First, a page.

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Commentary on February the 17th

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Krithika Narayan Commentary - February 17th The poem 'February 17th' written by Ted Hughes describes a premature lamb being born dead. It is extremely graphic and its vivid imagery is extremely grotesque, gripping the reader completely. The tone is tense and the poem induces a reaction of disgust and fear from the reader. It also shows a shockingly real image of what birth can be like. The poet uses various literary devices throughout the poem to bring out the graphic images and construct a feeling of dread in the reader's mind. The poet explores the theme of the harsh side of nature and birth, and how new beginnings can go wrong with fatal consequences. The pain of the mother is described vividly. For instance, in the line 'So I kneeled wrestling with her groans' he shows us how painful her labour is with a very auditory sense. The last line 'The body lay born, beside the hacked-off head' is the end of her physical labour and pain, but the beginning of her mental pain. The fruit of her labour is a mutilated body of her child. Only two lines earlier he talks about the 'Parcel of life', and the juxtaposition of the two highlight the contrast between nature's wonders and her cruelty. ...read more.


These images are disturbing and increase the disgust the reader feels. The poet also uses violent, aural verbs to make each image more raw and visceral. For instance, in the lines 'Sliced the lamb's throat-strings...brought the head off // To stare at it's mother', the verb 'sliced' makes the reader cringe because of the violence of the action. Other verbs used are 'hacked' and hauled'. The image of the lamb's head staring back at the mother, with the 'throat-strings' trailing behind it, is not just grotesque but also emotional as it moves the readers by presenting them with the mother's emotional pain of seeing her child's head in front of her. At the end when the lamb comes out, behind him trails 'yolk-yellow, // Parcel of life // In a smoking slither of oils, soups and syrups.' This metaphorically indicates a broken egg, something that could have been a new life and is now a mess of 'oils, soups and syrups'. The alliteration of the last line tends to cause a sense of nausea in the reader. The tone of this poem is harsh and brutal. It portrays brilliantly the emotional and physical pain of stillbirth. The poet only ever refers to the sheep as a 'mother', which makes our relationship with the sheep more intimate. ...read more.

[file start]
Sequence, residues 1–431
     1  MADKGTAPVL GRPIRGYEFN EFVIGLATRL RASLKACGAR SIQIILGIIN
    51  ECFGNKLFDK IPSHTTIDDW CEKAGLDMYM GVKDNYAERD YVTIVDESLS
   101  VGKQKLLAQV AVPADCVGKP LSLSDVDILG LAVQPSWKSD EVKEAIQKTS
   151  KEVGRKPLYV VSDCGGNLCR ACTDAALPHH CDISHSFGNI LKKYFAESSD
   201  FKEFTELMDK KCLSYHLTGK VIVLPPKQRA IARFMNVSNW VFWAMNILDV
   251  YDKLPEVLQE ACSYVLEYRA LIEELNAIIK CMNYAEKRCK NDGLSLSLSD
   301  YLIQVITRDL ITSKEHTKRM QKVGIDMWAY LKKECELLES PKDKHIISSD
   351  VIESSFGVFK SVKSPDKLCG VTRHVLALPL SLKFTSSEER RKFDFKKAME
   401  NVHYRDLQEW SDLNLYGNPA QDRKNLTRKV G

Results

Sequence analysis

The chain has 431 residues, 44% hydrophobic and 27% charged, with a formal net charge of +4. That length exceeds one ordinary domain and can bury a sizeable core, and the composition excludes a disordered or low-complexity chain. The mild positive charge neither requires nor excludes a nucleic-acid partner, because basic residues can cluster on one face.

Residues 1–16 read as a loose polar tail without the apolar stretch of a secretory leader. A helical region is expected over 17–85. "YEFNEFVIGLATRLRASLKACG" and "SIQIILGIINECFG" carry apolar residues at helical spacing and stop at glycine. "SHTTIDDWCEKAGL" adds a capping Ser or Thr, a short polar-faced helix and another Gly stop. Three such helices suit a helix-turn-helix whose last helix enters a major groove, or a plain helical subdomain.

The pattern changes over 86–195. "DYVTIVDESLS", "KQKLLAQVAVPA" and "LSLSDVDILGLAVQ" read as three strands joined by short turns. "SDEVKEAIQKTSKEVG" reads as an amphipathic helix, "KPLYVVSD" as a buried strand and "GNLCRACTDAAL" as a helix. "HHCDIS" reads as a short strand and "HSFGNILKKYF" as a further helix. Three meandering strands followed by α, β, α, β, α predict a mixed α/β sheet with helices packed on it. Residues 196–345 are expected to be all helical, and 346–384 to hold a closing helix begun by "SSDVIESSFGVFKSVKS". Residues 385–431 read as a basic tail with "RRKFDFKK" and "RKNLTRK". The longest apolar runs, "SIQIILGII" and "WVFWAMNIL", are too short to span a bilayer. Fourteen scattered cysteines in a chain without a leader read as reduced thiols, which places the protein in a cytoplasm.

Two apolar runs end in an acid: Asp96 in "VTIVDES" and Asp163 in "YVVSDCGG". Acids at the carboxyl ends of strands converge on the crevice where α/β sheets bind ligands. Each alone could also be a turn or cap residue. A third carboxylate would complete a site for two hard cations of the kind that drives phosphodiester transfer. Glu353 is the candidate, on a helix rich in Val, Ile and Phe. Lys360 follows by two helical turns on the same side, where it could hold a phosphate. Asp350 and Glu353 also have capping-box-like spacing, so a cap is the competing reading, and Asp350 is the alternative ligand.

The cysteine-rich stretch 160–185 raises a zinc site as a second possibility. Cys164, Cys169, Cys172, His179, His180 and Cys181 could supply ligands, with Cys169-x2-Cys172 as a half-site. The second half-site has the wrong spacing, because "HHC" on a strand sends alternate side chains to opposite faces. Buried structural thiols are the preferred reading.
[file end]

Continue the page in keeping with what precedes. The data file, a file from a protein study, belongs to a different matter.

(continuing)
The use of the pronoun 'he' also conveys the narrator's sadness at the lamb's death. He then however switches back to using 'it' as seen in the monosyllabic line 'Till it came'. The short sentence conveys the shock that the poet feels. It seems to have given way suddenly and now it is the end of his and the mother's labour. The narrator's close relationship with the mother is seen in the phrase 'the birth push and the push of my thumb'. The juxtaposition and repetition of the different 'pushes' highlight the closeness of the two creatures. It also shows the narrator is doing all in his capacity to save the mother's life. The poem is a visceral, sometimes disgusting, poem that successfully captures the readers' interest and grips their imaginations. Hughes is blunt and describes his experience just as he experienced it, without any beating about the bush. This is similar to the style he uses in 'Pike' and 'Birth of a Rainbow'. The poem explores themes such as nature's cruelty and human involvement in nature's processes and presents the poet's view on each one. The imagery is dense, graphic and detailed and the themes are clearly visible throughout the poem. Also the narrator's personal involvement further captures the reader. It is a brilliant poem, which embodies Hughes' writing style and manner of expression. ...read more.

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